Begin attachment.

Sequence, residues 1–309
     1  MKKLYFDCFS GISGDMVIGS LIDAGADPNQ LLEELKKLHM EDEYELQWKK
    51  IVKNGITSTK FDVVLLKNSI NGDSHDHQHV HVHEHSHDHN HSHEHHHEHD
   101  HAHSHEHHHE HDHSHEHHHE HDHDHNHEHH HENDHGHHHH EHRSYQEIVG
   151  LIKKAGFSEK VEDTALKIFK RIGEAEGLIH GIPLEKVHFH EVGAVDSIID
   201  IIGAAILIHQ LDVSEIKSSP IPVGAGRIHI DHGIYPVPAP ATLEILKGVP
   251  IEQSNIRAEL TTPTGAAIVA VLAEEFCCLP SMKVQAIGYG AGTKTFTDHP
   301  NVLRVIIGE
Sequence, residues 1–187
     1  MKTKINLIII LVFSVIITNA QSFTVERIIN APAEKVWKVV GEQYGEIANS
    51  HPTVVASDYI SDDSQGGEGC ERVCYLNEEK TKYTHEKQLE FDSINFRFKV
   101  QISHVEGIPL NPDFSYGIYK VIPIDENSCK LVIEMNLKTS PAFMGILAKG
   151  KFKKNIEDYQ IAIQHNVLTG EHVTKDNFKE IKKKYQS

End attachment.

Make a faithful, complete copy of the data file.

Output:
Sequence, residues 1–309
     1  MKKLYFDCFS GISGDMVIGS LIDAGADPNQ LLEELKKLHM EDEYELQWKK
    51  IVKNGITSTK FDVVLLKNSI NGDSHDHQHV HVHEHSHDHN HSHEHHHEHD
   101  HAHSHEHHHE HDHSHEHHHE HDHDHNHEHH HENDHGHHHH EHRSYQEIVG
   151  LIKKAGFSEK VEDTALKIFK RIGEAEGLIH GIPLEKVHFH EVGAVDSIID
   201  IIGAAILIHQ LDVSEIKSSP IPVGAGRIHI DHGIYPVPAP ATLEILKGVP
   251  IEQSNIRAEL TTPTGAAIVA VLAEEFCCLP SMKVQAIGYG AGTKTFTDHP
   301  NVLRVIIGE
Sequence, residues 1–187
     1  MKTKINLIII LVFSVIITNA QSFTVERIIN APAEKVWKVV GEQYGEIANS
    51  HPTVVASDYI SDDSQGGEGC ERVCYLNEEK TKYTHEKQLE FDSINFRFKV
   101  QISHVEGIPL NPDFSYGIYK VIPIDENSCK LVIEMNLKTS PAFMGILAKG
   151  KFKKNIEDYQ IAIQHNVLTG EHVTKDNFKE IKKKYQS